Money in Cyberspace

One of the strangest investment vehicles ever designed is something called the Bitcoin, which is at once an exciting new technology for managing online transactions and an alternative currency to national currencies like the dollar, yen and euro. Last week, people who owned bitcoins discovered that electronic “coins” worth $1,350 were suddenly worth just under $945. Around the same time, U.S. regulators rejected an effort to create a bitcoin exchange-traded fund (ETF).

Bitcoins are “mined” electronically by computers as they solve complex algorithms, and they are recorded in a distributed “blockchain” network of “wallets” that are tracked on multiple computer devices everywhere in the world. Few retailers accept bitcoins, although it is reportedly the currency of choice for global arms dealers and illicit narcotics transactions, in large part because the transactions cannot be traced—or taxed. New cryptocurrency competitors like Ethereum, Dash and Monero have sprung up, vying for this small market, while a small group of bitcoin miners, known collective as AntPool, has seized control of the bitcoin network.

You can see from the chart of bitcoin prices since inception that this is not an “investment” for the faint-hearted, and there is some question whether the currency has a future outside of the small network of miners and shady dealers. If you’re approached to invest in bitcoins, run, don’t walk to the nearest exist!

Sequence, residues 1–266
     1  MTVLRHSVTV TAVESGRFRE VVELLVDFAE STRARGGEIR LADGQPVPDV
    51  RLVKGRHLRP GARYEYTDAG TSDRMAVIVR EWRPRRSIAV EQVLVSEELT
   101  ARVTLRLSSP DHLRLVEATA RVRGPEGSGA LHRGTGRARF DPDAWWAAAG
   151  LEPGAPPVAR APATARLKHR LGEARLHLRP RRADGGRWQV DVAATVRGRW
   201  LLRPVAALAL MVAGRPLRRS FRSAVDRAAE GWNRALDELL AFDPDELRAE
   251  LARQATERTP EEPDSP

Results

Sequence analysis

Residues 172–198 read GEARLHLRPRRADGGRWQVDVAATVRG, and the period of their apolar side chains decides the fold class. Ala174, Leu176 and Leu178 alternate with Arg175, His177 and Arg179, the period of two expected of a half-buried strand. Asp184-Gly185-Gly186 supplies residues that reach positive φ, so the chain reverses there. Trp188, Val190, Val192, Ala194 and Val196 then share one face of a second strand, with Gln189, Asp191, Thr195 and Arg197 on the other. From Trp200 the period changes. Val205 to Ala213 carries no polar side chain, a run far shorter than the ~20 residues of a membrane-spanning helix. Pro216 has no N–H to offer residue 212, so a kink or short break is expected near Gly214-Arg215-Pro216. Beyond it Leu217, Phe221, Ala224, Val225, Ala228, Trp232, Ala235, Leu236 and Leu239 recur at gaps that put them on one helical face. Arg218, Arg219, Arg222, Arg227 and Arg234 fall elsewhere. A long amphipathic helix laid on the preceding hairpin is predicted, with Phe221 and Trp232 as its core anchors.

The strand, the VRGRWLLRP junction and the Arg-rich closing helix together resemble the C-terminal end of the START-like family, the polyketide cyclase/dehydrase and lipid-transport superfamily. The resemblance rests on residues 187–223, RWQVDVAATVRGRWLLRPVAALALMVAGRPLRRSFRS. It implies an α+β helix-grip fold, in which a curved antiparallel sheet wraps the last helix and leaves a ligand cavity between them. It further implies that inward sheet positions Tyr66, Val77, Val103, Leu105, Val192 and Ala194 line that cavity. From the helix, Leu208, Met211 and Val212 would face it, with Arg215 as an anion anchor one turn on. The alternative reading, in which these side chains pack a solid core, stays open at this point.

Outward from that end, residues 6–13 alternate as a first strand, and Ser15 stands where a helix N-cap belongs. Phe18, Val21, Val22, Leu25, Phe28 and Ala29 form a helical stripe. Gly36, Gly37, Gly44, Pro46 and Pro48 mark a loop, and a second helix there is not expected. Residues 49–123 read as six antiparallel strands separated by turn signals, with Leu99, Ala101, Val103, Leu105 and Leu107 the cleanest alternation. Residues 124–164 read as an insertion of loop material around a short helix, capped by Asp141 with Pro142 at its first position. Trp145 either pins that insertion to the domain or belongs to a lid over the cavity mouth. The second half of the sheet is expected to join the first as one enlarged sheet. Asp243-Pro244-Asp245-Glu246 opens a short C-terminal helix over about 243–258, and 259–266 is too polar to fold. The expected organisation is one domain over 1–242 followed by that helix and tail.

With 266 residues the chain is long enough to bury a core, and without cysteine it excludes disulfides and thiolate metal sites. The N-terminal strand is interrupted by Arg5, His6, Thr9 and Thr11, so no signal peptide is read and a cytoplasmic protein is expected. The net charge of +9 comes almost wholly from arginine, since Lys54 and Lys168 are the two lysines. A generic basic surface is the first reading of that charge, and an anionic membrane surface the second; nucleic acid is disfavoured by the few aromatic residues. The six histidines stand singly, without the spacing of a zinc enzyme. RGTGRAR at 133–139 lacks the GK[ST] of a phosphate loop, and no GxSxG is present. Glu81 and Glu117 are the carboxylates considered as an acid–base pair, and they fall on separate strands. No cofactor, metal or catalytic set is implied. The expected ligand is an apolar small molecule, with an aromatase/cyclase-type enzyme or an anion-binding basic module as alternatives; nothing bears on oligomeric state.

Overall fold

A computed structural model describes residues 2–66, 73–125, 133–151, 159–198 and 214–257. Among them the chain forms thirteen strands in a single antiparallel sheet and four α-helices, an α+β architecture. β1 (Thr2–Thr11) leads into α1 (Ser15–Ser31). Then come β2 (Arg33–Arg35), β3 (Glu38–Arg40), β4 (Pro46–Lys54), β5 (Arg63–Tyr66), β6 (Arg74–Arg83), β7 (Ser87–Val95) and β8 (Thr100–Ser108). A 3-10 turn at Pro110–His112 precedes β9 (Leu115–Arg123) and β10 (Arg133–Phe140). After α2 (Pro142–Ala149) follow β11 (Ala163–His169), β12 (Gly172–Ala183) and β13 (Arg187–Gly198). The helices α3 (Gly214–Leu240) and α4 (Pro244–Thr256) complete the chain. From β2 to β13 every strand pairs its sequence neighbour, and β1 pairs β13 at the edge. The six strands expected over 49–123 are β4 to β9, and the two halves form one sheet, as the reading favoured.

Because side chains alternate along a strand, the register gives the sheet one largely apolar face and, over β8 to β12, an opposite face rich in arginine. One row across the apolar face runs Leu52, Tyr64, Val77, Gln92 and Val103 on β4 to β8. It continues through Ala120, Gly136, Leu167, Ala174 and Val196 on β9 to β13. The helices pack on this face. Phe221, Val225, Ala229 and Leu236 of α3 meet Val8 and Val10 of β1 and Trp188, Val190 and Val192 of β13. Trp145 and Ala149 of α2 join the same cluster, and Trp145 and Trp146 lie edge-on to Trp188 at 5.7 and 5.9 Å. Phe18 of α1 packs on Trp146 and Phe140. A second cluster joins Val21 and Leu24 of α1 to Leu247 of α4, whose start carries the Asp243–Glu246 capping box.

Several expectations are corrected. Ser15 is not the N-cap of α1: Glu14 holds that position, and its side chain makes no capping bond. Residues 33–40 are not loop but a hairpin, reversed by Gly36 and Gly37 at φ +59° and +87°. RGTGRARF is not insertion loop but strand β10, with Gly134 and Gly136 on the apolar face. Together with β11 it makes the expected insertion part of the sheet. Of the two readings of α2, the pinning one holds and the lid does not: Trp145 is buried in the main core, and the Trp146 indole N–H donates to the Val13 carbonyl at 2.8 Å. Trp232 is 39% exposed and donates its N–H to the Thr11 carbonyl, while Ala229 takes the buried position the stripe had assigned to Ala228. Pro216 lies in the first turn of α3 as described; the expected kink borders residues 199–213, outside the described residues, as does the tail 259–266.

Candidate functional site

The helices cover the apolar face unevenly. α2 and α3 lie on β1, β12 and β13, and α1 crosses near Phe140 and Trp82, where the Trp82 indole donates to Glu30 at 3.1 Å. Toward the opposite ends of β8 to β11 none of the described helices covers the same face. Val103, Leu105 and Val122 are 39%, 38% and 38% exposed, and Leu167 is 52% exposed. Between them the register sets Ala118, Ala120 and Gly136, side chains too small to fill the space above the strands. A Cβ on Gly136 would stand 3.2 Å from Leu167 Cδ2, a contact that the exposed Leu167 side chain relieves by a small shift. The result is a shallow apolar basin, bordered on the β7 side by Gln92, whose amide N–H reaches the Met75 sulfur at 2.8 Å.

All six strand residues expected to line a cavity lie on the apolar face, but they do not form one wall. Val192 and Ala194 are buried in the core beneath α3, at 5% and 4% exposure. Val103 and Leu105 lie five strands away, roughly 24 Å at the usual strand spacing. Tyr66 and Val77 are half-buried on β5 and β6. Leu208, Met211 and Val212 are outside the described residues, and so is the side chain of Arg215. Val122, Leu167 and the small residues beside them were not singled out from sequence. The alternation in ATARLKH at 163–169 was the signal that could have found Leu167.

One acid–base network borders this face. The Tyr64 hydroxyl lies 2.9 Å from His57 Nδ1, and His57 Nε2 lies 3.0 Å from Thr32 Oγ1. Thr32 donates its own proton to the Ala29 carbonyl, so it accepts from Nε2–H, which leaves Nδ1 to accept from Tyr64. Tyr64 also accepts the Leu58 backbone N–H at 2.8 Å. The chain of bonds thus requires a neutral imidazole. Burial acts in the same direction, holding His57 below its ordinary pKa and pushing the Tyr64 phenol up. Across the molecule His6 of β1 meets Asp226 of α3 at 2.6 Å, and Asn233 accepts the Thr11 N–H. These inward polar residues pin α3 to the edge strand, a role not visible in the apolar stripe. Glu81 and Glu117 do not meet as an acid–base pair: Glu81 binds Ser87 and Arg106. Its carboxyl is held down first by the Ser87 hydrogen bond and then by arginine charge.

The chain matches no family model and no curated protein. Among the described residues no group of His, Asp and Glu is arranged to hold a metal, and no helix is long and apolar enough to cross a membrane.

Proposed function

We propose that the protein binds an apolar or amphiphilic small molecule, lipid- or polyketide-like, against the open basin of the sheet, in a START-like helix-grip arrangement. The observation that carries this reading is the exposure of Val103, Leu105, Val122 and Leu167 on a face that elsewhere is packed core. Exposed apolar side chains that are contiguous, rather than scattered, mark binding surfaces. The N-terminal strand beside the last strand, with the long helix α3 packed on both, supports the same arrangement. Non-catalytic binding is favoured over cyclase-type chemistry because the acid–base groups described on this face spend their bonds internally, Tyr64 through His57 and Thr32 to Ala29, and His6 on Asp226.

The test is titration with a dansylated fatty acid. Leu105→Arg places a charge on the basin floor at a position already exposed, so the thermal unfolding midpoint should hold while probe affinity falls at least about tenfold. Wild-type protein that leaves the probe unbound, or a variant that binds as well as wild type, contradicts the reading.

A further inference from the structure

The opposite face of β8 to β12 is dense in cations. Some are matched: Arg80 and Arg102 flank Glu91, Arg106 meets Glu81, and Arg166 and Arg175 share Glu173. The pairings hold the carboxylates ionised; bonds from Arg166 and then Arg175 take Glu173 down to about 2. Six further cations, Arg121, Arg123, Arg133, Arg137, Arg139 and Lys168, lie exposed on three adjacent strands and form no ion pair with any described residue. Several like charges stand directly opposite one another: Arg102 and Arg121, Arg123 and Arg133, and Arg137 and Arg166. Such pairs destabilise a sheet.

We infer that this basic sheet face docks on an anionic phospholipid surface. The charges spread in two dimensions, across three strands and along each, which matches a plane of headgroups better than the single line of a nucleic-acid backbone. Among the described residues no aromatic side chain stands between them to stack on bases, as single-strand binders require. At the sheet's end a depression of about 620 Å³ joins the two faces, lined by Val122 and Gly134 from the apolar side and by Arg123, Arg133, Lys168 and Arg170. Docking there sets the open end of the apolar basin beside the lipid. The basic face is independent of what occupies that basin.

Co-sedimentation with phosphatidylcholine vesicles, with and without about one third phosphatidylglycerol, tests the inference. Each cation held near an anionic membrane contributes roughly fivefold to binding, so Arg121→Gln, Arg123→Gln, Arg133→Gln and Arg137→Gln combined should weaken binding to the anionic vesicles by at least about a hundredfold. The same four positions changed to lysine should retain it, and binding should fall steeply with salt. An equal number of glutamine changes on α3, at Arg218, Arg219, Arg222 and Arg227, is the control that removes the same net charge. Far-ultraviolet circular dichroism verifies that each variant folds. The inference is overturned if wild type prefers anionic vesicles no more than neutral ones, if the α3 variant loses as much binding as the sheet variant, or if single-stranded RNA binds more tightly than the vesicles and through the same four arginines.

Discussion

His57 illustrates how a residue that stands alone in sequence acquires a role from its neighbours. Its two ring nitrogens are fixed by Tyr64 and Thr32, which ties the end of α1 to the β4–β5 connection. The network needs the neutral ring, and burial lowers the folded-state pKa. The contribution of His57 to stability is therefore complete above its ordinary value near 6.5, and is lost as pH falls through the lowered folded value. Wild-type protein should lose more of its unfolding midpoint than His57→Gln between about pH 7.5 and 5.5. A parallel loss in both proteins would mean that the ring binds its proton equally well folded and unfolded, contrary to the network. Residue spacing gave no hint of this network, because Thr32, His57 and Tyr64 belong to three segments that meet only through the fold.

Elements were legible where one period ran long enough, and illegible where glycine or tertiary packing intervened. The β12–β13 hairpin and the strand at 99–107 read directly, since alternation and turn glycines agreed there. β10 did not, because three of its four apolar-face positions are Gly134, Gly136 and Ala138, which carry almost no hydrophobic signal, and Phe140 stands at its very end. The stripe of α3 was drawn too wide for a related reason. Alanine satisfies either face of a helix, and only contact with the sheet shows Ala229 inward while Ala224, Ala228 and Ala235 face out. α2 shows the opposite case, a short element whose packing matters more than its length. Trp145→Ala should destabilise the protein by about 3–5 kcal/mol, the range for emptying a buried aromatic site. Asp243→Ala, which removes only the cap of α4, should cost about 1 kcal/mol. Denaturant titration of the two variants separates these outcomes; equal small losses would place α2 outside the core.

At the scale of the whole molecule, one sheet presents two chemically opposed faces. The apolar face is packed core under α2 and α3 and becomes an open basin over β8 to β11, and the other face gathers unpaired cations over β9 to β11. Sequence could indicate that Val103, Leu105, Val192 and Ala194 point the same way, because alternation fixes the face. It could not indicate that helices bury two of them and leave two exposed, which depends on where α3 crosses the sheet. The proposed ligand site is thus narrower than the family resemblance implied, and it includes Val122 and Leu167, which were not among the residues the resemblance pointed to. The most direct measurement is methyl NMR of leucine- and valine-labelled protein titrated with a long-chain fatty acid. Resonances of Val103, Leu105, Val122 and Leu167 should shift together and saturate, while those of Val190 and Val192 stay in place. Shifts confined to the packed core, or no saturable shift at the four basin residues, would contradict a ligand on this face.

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Empyrion Wealth Management (“Empyrion”) is an investment advisor registered with the U.S. Securities and Exchange Commission under the Investment Advisers Act of 1940. Information pertaining to Empyrion’s advisory operations, services and fees is set forth in Empyrion’s current Form ADV Part 2A brochure, copies of which are available upon request at no cost or at The views expressed by the author are the author’s alone and do not necessarily represent the views of Empyrion. The information contained in any third-party resource cited herein is not owned or controlled by Empyrion, and Empyrion does not guarantee the accuracy or reliability of any information that may be found in such resources. Links to any third-party resource are provided as a courtesy for reference only and are not intended to be, and do not act as, an endorsement by Empyrion of the third party or any of its content. The standard information provided in this blog is for general purposes only and should not be construed as, or used as a substitute for, financial, investment or other professional advice. If you have questions regarding your financial situation, you should consult your financial planner or investment advisor.

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